I'm a little bit pressed for time but have put together enough material to post another grab-bag of sorts. Enjoy this Monday morning linkage:
Jack Todd from the Montreal Gazette said...
Once again Saturday, Price played just well enough to lose. The difference in the Ottawa game (just as it was against Colorado and Edmonton) was the difference between Price and the opposing goalie.
In Edmonton, it was Nikolai Khabibulin. Against the Avalanche it was Craig (not Shawn) Anderson. Against Ottawa, it was Pascal Leclaire, who is proving what a difference a goalie makes for a Senators team that is playing well once again.
I didn't get a chance to watch the finer details of the game, so I'll have to cross reference this statement with some credible Ottawa writing. Let's see what SLC from Five For Smiting has to say...
Blech. And a lucky blech at that. Had Pascal not stood on his head early, had the PK not been batshit crazy solid, had the Habs spent even just a little bit more time playing and a little less shooting themselves in the foot, I'm filling this space with enraged yammerings targeting everyone and everything wearing a Sens jersey (YA HEARD ME, SPARTY!). Instead, we'll take the two points, thank our gracious hosts and slink out of town like thieves. Oddly enough, I'm okay with that.
Speaking of Saturday night's game against the Canadiens, Alexei Kovalev had this to say afterwards,
"I can't find any more words to describe how I feel, and how much support I keep getting from these fans."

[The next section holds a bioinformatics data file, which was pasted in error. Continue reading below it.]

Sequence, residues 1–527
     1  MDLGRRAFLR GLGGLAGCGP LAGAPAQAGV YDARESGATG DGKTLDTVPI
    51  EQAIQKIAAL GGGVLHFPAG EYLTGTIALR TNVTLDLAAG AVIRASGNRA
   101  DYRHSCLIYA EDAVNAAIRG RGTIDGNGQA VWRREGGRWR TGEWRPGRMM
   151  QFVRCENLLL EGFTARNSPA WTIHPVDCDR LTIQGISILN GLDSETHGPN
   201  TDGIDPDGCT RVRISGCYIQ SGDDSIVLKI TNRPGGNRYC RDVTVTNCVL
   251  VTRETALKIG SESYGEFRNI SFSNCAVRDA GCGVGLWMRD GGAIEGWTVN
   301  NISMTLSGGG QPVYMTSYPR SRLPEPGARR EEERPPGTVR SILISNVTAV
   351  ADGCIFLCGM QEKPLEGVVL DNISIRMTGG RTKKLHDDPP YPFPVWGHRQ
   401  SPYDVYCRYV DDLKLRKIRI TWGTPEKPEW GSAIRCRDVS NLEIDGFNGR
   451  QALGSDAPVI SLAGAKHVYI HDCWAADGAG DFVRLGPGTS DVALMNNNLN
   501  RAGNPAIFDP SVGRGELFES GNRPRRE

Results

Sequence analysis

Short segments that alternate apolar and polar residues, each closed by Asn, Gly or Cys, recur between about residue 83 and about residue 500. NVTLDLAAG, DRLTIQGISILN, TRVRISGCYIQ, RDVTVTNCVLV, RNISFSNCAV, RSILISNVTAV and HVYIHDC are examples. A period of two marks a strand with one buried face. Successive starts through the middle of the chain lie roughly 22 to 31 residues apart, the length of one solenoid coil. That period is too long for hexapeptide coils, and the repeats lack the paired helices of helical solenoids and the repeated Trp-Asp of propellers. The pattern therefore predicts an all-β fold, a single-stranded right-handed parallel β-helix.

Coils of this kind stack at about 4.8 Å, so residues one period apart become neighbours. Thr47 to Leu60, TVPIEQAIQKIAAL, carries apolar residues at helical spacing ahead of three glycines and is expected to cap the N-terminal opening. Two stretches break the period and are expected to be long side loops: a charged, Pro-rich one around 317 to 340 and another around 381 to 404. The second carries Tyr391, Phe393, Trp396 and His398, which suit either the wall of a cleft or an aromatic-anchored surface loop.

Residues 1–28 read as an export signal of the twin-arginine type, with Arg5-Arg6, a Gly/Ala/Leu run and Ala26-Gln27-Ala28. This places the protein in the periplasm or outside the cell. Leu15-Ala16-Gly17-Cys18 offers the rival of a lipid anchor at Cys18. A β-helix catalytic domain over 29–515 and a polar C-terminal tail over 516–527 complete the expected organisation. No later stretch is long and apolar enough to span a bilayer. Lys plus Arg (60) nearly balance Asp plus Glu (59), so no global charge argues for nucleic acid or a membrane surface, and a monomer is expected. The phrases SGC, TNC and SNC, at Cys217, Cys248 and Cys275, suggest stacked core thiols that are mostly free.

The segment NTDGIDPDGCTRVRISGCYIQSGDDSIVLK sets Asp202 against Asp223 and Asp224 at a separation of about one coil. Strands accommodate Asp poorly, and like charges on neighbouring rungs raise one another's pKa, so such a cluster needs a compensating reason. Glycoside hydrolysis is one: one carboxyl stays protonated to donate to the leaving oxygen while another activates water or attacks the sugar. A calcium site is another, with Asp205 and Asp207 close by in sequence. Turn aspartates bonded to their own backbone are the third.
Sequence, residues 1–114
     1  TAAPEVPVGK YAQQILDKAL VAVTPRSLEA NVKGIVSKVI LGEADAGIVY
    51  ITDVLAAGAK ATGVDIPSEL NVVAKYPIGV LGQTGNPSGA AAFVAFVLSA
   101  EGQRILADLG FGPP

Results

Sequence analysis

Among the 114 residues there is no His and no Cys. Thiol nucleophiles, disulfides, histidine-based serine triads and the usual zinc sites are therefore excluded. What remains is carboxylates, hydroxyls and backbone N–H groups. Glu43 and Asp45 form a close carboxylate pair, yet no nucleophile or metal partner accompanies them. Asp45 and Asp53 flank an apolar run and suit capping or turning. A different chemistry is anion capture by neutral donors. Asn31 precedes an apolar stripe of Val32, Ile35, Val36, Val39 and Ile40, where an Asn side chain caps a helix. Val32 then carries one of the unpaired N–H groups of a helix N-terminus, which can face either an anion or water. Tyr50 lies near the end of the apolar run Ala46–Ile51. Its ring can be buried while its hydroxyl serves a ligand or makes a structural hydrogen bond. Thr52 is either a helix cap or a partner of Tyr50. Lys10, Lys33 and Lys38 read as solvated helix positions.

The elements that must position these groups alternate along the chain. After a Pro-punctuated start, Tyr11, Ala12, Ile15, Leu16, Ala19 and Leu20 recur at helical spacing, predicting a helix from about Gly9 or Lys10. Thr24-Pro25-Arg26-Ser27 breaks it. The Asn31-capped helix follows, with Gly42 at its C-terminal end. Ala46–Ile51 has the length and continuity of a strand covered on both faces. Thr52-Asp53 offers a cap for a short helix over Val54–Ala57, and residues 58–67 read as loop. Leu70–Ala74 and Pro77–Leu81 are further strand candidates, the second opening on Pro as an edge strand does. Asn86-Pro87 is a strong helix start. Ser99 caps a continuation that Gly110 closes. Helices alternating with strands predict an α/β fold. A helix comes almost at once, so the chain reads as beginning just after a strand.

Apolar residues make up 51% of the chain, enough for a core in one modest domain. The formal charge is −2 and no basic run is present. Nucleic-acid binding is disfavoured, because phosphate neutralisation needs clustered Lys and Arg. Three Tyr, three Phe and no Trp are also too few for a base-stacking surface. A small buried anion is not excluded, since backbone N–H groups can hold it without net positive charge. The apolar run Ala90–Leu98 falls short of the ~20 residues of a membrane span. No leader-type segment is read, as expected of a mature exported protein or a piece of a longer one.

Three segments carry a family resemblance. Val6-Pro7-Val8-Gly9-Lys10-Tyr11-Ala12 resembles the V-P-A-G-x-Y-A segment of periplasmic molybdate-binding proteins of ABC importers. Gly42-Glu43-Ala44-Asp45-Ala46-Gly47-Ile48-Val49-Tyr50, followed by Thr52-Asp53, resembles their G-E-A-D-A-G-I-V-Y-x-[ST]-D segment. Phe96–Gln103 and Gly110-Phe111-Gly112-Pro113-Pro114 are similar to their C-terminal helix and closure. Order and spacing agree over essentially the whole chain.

I'll help you find the words Alex. Thanks for not torching the team bus Habs fans.
While Darren from Silver Seven Sens has come up with a list of reasons why the Senators have reversed their fortunes from last year, Chris Stevenson nails it by showering the Senators second overall ranked penalty killing unit with love.
According to Allen Panzeri of the Ottawa Citizen, what got lost in Saturday night's win wasn't the fact that the Senators didn't play that well. It was that Erik Karlsson's best game of the season was overshadowed by the Alexei Kovalev story.
"Maybe it was anxiousness, the nerves, the atmosphere," Clouston said.
"But I thought the last 40 minutes might have been his best. He looked comfortable, he was making some better plays with the puck, he had a lot more poise with the puck, and physically he was a lot more involved, as well."
The key for Karlsson, Clouston said, is in playing as if he believes he belongs in the NHL, not as if he is still trying out. That can only lead to tentativeness and uncertainty.
"I think he has just got to play his game," Clouston said.
"He has got to, basically, realize that he belongs here and not be in awe. Just go out there and play his game. And, for the most part in the last two periods, he really did that.
"He just said, 'You know what? I'm going to have to make a difference here, that my team needs me."
Jeff Blair of The Globe and Mail has two interesting blurbs from his piece this morning:
Circle Oct. 30 on your calendar: You want a look-ahead? On Oct. 28, the Toronto Raptors open the NBA regular-season at home against the Cleveland Cavaliers while the Toronto Maple Leafs visit the Dallas Stars. The Leafs have just two games before then (in Vancouver and Anaheim) so if they can continue losing and the Raptors can pull off an upset, there you’d go: Toronto’s NBA team has its first win before its NHL team. You don’t like the Raps’ chances against the Cavs? Neither do I, but not to worry: On Oct. 30 the Raps are in Memphis and the Leafs are in Buffalo. Lookahead? There’s your stinkin’ lookahead ..
Turfed as president and chief executive officer of the Ottawa Senators and Scotiabank Place, Roy Mlakar received early consideration for the Toronto Blue Jays presidency, I’m told.